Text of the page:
On the software side, [Victor] has written an OctoPrint plugin that adds a readout of current filament weight to the main display. He’s put a fair amount of polish into the plugin, going through the effort to add in a calibration routine and a field where you can enter in the weight of your empty spool so it can be automatically deducted from the HX711’s reading.

Hopefully a future version of the plugin will allow the user to enter in the density of their particular filament so it can calculate an estimate of the remaining length. The next logical step would be adding a check that will show the user a warning if they try to start a print that requires more filament than the sensor detects is currently loaded.

This is yet another excellent example of the incredible flexibility and customization offered by OctoPrint. If you’re looking for more reasons to make the switch, check out our guide on using OctoPrint to create impressive time lapse videos of your prints, or how you can control the printer from your mobile device.

Linear Clock is a Different Way to Look at Time

There are usually two broad user interfaces for clocks. On the one hand you’ve got the dial clock, the default display for centuries, with its numbered face and spinning hands. The other mode is some form of digital clock, where the current time is displayed directly as alphanumeric characters. They’re both useful representations of time, but they both have their limits.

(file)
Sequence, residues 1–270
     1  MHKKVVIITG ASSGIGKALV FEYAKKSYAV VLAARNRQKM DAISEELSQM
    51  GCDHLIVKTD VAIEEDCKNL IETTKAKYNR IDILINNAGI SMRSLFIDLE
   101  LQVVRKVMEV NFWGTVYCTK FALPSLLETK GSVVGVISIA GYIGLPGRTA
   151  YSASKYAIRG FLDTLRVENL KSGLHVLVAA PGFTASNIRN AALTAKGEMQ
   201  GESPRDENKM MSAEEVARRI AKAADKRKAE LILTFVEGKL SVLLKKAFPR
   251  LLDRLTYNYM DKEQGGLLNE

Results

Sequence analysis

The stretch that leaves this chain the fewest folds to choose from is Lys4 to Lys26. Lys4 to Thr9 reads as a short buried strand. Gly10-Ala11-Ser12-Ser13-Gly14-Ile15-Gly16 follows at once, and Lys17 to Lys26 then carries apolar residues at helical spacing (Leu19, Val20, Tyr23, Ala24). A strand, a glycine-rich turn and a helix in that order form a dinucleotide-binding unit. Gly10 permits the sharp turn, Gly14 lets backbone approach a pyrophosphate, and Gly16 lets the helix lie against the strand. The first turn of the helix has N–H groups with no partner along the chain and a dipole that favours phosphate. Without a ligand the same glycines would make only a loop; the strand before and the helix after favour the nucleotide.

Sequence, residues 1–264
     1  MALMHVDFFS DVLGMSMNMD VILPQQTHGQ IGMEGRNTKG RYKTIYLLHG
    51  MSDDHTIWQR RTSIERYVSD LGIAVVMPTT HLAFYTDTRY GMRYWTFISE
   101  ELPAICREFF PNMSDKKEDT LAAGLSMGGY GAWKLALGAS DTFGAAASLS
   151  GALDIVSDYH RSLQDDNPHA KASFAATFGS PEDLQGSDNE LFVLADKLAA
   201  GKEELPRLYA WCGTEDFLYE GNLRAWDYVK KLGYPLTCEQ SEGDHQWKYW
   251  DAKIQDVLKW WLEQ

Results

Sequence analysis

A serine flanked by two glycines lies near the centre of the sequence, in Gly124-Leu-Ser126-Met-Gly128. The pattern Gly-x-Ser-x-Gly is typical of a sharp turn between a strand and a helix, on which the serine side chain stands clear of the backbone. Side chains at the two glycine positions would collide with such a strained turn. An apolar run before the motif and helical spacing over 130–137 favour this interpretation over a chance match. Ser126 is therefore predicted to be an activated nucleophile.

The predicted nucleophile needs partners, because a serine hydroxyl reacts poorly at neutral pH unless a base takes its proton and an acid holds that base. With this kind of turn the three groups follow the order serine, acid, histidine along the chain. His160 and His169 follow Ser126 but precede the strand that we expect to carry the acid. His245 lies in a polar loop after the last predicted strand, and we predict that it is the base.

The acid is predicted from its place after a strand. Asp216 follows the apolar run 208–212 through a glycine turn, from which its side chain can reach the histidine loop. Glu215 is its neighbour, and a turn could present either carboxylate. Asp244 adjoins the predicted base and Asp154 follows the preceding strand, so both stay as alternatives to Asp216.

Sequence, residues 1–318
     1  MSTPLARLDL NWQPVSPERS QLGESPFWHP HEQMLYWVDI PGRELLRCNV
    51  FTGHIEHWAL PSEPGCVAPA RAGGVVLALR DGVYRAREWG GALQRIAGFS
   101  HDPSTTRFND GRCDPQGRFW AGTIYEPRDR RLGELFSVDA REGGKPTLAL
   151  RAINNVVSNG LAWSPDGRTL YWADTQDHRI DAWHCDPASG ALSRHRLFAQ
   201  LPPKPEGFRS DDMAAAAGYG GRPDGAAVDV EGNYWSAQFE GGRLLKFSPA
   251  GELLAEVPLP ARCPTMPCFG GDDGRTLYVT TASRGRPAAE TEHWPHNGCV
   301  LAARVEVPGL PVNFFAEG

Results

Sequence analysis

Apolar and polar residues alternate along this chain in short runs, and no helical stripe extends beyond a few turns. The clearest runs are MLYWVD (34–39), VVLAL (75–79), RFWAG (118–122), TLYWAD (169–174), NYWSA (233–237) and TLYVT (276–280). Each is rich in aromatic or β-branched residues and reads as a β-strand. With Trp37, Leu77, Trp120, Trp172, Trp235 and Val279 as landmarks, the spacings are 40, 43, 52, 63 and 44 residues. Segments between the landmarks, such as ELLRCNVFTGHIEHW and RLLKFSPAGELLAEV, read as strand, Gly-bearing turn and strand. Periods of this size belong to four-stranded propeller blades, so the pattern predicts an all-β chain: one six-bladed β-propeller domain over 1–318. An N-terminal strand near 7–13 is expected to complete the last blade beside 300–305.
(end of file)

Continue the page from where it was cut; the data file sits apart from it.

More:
Here’s a third model — the linear clock. [Jan Derogee] came up with it thanks to the inspiration of somewhat dubious run-ins with other kinds of clocks; we feel like this introductory video was made with tongue firmly planted in cheek. Whatever the inspiration, we find this idea clever and well executed. The running gear of the clock is just a long piece of M6 threaded rod and a stepper motor. A pointer connected to a nut rides on the rod, moving as the stepper rotates it. There are scales flanking the vertical rod, with the morning hours going up the left side and afternoon hours coming down the right. The threaded rod rotates one way for twelve hours before switching to the other direction; when the rotation changes, the pointer automatically swivels to the right scale. For alarms, [Jan] has brass rods running along each scale that make contact with the pointer; when they encounter a sliding plastic insulator to break the contact, it triggers an alarm. An ESP8266 controls everything and plays the audio files for the alarm.

Unusual clocks seem to be a thing with [Jan]. His other builds include this neat phosphorescent clock and YouTube subs counter, which is sure to turn heads along with this clock.

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Hackaday Links: March 4, 2018